(5) In order to tackle these remaining challenges, Japan pledged, at the Fifth Tokyo International Conference on African Development (TICAD V) held in June last year, to contribute to the improvement of access to safe drinking water and sanitary facilities for 10 million people, and to assist in the training of 1,750 water supply engineers over the coming five years. These assistance programmes are being steadily implemented.
(6) Ensuring access to safe water and basic sanitation facilities is of particular and essential importance for women. Such access liberates women and girls in developing regions from the burden of spending long hours drawing and carrying water; opens the door to social participation for women and increased school enrolment for girls; and ultimately lays the foundation for women's empowerment. Further support in these areas will contribute to the achievement of Japan's policy priority, which is to create "a society where all women shine". We will continue to provide our assistance with an emphasis on gender equality and women's empowerment.
(7) Japan is also actively involved in the ongoing international discussions on the post-2015 development agenda. The report of the Open Working Group on Sustainable Development Goals, which was completed in July, proposes as its Goal 6, to "ensure availability and sustainable management of water and sanitation for all". The proposed goal includes as a target, to "implement integrated water resources management at all levels" by 2030. Japan will continue its advocacy for strengthened international efforts in this area.
2 Water-related disasters
(1) Water and disaster is also one of the major topics in UNSGAB's Hashimoto Action Plan. While water is an indispensable natural resource for our daily lives and economic activities, too much water in the form of heavy rains, storms, or flooding, or too little water in the form of drought, are disasters that can have dire consequences. The World Water Development Report says that water-related hazards account for 90% of all natural hazards. Water-related disasters such as tsunami and floods can wipe out long-term development achievements in an instant. Japan, therefore, supports efforts toward flood prevention and control, and river management.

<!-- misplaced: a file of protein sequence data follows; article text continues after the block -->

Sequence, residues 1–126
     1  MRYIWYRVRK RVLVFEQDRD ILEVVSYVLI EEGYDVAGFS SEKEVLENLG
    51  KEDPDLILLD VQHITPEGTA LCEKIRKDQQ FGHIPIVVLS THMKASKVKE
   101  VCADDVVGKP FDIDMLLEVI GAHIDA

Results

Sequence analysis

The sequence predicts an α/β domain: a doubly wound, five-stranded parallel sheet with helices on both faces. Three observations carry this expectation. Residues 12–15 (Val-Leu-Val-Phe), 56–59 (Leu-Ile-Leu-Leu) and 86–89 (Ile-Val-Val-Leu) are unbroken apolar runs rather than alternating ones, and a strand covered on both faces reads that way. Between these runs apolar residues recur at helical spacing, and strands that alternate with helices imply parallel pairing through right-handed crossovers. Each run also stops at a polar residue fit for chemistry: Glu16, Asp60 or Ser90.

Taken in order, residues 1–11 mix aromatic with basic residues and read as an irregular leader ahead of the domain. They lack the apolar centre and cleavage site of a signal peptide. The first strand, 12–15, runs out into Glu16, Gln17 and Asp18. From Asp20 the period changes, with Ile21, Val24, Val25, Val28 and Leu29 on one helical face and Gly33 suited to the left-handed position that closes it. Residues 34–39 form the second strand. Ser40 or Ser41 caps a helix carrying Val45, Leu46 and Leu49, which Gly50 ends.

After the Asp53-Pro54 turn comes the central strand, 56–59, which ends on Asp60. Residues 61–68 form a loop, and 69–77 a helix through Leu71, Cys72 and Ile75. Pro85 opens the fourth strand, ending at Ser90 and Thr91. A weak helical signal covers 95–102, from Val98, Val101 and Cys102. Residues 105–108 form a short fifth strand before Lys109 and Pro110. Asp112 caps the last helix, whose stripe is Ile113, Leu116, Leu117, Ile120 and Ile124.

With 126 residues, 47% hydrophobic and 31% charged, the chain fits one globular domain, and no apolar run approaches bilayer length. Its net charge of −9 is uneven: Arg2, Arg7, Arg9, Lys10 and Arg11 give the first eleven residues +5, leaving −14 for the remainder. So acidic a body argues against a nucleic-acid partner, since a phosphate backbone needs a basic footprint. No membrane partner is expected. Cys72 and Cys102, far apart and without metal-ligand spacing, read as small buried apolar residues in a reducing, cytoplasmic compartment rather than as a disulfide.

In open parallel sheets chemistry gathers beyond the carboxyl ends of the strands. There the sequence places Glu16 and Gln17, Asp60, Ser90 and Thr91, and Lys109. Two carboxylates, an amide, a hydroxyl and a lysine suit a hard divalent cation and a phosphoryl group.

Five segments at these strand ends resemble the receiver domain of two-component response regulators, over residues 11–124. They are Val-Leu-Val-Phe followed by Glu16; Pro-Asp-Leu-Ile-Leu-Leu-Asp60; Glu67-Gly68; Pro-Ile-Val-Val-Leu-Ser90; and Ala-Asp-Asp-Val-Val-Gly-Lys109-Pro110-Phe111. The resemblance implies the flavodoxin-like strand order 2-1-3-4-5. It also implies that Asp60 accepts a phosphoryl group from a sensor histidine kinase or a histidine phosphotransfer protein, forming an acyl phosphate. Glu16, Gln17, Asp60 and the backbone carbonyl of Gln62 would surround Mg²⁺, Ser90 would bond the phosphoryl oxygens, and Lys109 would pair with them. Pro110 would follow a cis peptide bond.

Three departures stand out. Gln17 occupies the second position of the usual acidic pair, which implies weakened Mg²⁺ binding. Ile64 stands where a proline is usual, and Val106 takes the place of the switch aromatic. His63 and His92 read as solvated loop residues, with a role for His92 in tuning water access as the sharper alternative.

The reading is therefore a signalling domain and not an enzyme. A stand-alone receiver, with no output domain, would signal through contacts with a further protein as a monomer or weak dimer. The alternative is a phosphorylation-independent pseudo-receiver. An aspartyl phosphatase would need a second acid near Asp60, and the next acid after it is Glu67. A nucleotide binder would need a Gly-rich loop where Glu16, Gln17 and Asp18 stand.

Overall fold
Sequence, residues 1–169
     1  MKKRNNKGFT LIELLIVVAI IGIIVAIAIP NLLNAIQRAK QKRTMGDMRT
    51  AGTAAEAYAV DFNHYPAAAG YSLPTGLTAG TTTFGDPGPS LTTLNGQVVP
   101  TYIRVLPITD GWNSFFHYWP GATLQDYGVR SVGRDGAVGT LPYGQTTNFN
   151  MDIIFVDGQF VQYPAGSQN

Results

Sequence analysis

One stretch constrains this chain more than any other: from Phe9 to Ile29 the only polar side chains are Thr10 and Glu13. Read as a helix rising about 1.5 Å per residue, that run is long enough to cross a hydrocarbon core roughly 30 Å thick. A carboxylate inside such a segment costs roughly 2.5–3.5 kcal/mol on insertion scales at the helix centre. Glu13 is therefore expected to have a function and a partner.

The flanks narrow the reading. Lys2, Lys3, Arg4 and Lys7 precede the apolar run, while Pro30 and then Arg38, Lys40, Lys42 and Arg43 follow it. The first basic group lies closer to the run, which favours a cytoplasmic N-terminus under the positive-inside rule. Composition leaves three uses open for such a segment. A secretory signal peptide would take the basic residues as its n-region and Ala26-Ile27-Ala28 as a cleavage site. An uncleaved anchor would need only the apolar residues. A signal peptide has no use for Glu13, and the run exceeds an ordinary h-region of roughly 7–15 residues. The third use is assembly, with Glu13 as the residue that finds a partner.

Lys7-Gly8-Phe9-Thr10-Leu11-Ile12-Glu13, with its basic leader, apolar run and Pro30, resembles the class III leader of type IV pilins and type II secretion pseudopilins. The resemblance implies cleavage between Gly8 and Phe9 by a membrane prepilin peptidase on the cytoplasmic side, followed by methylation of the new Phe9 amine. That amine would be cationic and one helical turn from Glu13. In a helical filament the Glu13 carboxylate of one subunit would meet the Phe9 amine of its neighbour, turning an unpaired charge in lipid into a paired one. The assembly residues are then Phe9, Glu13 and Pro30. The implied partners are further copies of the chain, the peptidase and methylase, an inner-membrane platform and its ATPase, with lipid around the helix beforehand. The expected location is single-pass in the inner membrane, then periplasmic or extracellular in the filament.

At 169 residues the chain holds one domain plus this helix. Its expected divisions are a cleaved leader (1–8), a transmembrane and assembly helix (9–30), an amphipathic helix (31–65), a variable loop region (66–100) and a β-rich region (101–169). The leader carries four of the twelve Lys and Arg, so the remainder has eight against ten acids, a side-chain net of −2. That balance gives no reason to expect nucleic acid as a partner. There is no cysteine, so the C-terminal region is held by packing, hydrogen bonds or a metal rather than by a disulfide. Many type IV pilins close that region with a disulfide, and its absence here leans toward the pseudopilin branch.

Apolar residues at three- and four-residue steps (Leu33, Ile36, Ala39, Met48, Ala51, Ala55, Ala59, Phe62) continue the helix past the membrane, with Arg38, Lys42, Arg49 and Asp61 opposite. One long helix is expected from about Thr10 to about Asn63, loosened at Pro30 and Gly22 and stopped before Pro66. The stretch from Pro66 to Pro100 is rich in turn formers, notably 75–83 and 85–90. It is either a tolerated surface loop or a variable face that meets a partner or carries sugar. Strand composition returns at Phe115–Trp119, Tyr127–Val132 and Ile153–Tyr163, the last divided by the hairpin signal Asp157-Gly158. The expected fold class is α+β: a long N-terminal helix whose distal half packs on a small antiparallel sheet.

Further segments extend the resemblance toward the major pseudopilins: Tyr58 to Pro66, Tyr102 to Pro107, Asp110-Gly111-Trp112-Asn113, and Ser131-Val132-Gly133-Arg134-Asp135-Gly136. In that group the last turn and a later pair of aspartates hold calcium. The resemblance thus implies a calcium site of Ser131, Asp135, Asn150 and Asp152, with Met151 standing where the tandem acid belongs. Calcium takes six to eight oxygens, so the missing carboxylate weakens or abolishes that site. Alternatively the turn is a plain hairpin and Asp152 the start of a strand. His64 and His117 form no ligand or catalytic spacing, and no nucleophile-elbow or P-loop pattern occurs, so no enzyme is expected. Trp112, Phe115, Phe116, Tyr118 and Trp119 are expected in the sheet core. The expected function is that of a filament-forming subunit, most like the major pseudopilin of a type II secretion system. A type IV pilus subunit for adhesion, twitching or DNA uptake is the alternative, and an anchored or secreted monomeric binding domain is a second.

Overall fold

(2) Japan, as a disaster-prone country, has played a leading role in promoting the mainstreaming of disaster risk reduction (DRR). In this context, we will host the Third UN World Conference on Disaster Risk Reduction next March in the city of Sendai, one of the regions severely affected by the Great East Japan Earthquake and Tsunami of 2011. The response to water-related disasters will be one of the important agenda items of this Conference.
(3) My home town, Hamamatsu, is located along the Nankai Trough off the Pacific Ocean, which is at great risk of major earthquakes. For this reason, Hamamatsu has always been very aware of the need to prepare itself against possible future earthquakes and tsunami. At the forthcoming World Conference, participating countries will be invited to share information about their efforts on DRR, including water-related disasters, with each other, and to promote the mainstreaming of DRR throughout international society. As UN-Water has already suggested, the discussion at the World Conference should provide valuable input with a view to incorporating DRR, including water-related disasters, into the post-2015 development agenda.
(4) High-level political commitment is of utmost importance in promoting our DRR efforts. I would highly appreciate it if the distinguished members of UNSGAB and other participants in today's meeting could encourage their governments to participate at the highest level possible in the Third UN World Conference on Disaster Risk Reduction in March next year.